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Speaking in Stories
Stories for Preachers, Teachers, and Writers

Better Questions

Years ago, John Claypool’s eleven year old daughter was diagnosed with leukemia. John’s first response was to ask why. “Why God, is there such a thing as leukemia?” Why did my little girl have to get it?” But after a while John realized these kinds of why questions, while understandable, were ultimately futile. The fact is, he would never know why. And even if he did, it would not help much. Therefore, he began to ask other, more helpful questions.

First, John asked “what” questions including: “What treatments are available? What do I tell my daughter? What can I do to give her support? What can I do to help my wife through this?” When John moved from asking “why” questions to asking “what” questions, he was better able to cope with the crisis.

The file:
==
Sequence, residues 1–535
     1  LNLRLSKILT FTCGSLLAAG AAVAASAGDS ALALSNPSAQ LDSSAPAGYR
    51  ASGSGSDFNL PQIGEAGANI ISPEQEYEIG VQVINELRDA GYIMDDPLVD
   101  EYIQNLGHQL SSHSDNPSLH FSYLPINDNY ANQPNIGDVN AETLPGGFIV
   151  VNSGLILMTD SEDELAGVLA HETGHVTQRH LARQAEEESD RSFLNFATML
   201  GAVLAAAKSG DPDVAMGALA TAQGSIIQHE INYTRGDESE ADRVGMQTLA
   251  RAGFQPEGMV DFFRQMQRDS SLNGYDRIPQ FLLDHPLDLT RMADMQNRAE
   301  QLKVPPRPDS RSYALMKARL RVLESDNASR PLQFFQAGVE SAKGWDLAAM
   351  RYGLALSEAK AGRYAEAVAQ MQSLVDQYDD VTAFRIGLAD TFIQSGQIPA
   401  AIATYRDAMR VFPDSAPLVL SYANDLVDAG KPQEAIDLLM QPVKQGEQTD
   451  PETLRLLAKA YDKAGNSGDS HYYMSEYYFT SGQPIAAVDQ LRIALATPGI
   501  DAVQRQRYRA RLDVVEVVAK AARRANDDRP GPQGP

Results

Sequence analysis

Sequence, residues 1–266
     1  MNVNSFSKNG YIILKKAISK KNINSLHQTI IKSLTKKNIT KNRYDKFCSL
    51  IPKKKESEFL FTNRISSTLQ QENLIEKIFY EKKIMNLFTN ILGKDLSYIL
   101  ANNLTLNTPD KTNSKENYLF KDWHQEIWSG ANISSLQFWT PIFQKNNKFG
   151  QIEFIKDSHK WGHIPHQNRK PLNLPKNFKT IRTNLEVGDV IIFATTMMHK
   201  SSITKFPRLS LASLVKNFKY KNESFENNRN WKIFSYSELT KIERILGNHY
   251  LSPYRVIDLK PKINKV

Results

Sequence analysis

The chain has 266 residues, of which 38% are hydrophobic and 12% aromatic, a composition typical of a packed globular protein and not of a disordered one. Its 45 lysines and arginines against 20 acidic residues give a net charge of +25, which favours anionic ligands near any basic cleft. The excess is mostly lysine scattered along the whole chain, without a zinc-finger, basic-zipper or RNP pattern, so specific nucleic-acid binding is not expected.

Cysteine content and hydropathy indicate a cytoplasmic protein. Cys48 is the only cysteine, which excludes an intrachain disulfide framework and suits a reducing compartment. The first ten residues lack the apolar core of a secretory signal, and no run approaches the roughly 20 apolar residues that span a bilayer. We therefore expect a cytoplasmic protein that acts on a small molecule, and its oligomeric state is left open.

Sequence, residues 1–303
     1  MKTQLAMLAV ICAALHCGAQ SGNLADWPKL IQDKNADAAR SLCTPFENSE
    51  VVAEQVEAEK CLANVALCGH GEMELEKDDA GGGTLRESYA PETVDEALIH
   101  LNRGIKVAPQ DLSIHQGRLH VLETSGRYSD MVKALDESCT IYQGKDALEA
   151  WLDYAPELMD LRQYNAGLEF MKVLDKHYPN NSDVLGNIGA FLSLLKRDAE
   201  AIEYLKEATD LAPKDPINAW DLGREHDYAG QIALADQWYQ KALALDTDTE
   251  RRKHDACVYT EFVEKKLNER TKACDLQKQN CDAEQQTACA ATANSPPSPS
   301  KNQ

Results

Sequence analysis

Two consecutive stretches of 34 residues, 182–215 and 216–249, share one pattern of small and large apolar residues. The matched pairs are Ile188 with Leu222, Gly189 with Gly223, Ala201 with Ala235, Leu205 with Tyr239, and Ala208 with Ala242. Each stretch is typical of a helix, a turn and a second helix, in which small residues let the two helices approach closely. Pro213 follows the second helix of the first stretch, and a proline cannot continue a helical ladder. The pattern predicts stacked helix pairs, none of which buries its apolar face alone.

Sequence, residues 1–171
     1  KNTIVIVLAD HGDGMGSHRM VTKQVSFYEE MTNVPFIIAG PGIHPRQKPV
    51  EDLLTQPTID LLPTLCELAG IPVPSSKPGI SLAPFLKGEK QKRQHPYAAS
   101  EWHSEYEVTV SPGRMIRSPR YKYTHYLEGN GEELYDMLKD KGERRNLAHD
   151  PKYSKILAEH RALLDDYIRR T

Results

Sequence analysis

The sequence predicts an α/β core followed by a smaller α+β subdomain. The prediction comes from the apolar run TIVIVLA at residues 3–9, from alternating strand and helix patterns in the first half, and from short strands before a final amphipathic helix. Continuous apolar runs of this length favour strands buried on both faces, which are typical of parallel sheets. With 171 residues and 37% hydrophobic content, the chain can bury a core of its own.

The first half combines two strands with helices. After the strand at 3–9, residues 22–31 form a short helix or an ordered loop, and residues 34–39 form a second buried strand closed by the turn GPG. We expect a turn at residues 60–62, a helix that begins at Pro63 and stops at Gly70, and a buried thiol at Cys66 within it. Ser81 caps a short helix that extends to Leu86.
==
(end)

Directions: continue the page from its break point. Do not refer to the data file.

Second, John asked the “who” question. “Who can help me through this crisis?” And when he did, John discovered, along with millions of others through the ages—that God can help. God does not give us answers, for that would not be enough. Instead, God gives himself. God gives his companionship. God gives his courage. God gives his strength. God gives his hope. And that is worth a thousand answers and ten thousand reasons.